Forty years of fusion: Hublot’s exploration of innovation
By Christian Barker
Several revolutions in watchmaking took place during the 1970s. In those lost days of disco, perhaps most significantly, we witnessed the rise of quartz movements, which would nearly wipe out the traditional mechanical watch industry.
Another more positive but equally game-changing ’70s horological moment came when legendary designer Gerald Genta sketched out the blueprints for two luxury steel sports watches, each drawing inspiration from nautical pursuits and featuring a bracelet seamlessly integrated into the case. High-end watchmaking would never be the same, with Genta’s two creations going on to achieve iconic status.
That wasn’t the last boating-influenced shake-up the world of watches would experience in the period, as 1980 witnessed the launch of the Hublot brand. Its name referencing the French word for ‘porthole’ — a motif reflected in the watches’ screw-down bezel — Hublot professed a philosophy of ‘fusion’, exemplified in the brand’s debut timepiece, the first gold wristwatch ever to be borne on a natural rubber strap.
It took Hublot founder Carlo Cracco three years and almost a million dollars in R&D expenditure to perfect the special rubber for the strap — tough yet pleasing to the touch, crack- and stain-resistant, melded with steel for resilience, and utilising concentrated vanilla to remove the strong scent of the base material. Many critics were initially baffled by the watch, but its insouciant mix of precious and everyday materials was appreciated by modern-minded monarchs including the Prince of Monaco and the kings of Greece, Spain and Sweden. Thanks in no small part to their regal influence, soon, Hublots were seen on the wrists of numerous European aristocrats, playboys and tycoons.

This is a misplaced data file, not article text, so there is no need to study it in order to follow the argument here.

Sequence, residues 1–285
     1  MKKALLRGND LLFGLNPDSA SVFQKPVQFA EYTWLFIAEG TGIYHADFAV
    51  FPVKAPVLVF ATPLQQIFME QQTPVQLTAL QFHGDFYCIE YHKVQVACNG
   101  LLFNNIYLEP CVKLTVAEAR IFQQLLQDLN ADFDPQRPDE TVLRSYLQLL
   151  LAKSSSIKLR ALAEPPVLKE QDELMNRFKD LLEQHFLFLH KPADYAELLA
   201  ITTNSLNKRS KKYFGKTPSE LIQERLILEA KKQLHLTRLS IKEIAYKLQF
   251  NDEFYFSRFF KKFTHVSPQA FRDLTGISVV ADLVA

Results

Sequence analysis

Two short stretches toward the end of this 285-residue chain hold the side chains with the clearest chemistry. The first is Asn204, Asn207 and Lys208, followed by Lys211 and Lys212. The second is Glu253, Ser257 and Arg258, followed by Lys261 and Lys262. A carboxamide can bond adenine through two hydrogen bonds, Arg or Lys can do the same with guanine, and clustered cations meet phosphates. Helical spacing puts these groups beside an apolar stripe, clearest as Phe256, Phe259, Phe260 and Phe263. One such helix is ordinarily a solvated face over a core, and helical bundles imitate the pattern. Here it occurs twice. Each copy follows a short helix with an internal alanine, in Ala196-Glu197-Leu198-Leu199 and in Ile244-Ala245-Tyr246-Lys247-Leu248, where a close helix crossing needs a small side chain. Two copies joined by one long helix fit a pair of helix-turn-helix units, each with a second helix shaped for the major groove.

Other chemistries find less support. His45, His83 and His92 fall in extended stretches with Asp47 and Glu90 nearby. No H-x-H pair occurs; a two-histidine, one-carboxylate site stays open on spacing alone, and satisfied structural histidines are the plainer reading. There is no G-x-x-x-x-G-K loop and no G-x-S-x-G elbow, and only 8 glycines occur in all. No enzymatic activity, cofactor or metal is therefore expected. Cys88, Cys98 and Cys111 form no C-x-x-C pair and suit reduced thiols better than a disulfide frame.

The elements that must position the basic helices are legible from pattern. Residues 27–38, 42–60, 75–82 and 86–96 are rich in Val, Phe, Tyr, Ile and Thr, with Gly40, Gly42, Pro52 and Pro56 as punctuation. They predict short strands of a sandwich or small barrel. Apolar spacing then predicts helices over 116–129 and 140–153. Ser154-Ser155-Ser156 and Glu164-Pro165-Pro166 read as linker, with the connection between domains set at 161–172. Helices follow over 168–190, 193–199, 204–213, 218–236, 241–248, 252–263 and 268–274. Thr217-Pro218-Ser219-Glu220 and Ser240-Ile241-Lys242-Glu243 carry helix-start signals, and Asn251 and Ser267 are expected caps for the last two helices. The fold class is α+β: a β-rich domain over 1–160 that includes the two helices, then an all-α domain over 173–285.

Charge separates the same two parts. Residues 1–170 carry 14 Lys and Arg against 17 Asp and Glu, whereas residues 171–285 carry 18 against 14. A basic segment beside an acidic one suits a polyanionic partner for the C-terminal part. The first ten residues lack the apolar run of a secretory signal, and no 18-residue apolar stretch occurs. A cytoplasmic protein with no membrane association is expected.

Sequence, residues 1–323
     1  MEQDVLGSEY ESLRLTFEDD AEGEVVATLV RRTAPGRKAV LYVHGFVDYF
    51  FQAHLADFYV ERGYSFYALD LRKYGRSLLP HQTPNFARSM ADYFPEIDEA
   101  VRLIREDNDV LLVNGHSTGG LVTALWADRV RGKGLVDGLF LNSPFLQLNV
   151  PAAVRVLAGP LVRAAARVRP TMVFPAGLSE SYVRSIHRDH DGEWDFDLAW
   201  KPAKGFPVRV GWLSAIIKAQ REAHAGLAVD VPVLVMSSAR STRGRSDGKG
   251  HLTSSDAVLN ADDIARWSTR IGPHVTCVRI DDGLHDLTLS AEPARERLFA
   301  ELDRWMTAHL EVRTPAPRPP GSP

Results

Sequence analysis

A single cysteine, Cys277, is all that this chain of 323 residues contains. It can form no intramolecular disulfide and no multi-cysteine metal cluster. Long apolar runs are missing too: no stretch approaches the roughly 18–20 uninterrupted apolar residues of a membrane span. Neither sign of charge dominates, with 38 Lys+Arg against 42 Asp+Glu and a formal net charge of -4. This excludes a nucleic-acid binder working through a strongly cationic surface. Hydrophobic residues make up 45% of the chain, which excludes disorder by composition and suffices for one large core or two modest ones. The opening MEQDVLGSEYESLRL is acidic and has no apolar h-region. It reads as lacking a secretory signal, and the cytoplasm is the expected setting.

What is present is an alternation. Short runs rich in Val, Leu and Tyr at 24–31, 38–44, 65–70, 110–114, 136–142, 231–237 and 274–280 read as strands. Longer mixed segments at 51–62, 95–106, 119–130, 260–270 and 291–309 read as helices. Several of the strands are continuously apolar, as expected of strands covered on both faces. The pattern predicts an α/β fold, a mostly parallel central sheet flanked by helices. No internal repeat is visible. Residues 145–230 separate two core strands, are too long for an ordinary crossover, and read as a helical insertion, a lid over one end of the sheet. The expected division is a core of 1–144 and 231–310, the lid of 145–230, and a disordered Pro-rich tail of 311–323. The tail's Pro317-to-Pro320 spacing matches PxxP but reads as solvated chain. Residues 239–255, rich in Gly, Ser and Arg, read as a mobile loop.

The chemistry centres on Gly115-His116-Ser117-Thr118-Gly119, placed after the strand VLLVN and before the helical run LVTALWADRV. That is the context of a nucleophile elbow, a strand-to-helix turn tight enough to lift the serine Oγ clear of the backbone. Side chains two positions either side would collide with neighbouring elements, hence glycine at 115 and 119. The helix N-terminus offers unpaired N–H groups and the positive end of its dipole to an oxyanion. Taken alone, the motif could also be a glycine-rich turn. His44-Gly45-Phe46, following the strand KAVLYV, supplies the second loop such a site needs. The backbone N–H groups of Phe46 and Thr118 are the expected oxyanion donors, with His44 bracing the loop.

Fast-forward four decades and today, the integrated-bracelet luxury sports watch has become a mainstay of the industry. Meanwhile, in addition to frequently working with innovative materials like carbon fibre, Hublot’s pursuit of ever greater feats of ‘fusion’ has seen the watchmaker create myriad patented alloys such as Hublonium (magnesium and aluminium), King Gold (gold and platinum), and Magic Gold (a virtually scratch-proof melange of 24-carat gold and ceramic).
Hublot’s most recent exploration of fusion sees the integrated-bracelet timepiece melded with coloured ceramic, resulting in the vibrant green exemplar of innovation featured as the main image here. Also available in an array of hues including sky blue, beige, white, and blue indigo iterations, the Big Bang Integrated Ceramic demonstrates that Hublot’s 42-year fusion odyssey is just getting started.
“The Art of Fusion finds its expression far beyond the materials,” according to Hublot CEO, Ricardo Guadalupe. “It’s a lifestyle, it’s a mind-set that guides all Hublot’s actions and partnerships. To us, The Art of Fusion means linking yesterday and today with tomorrow.”
View Hublot’s full range at the website, hublot.com
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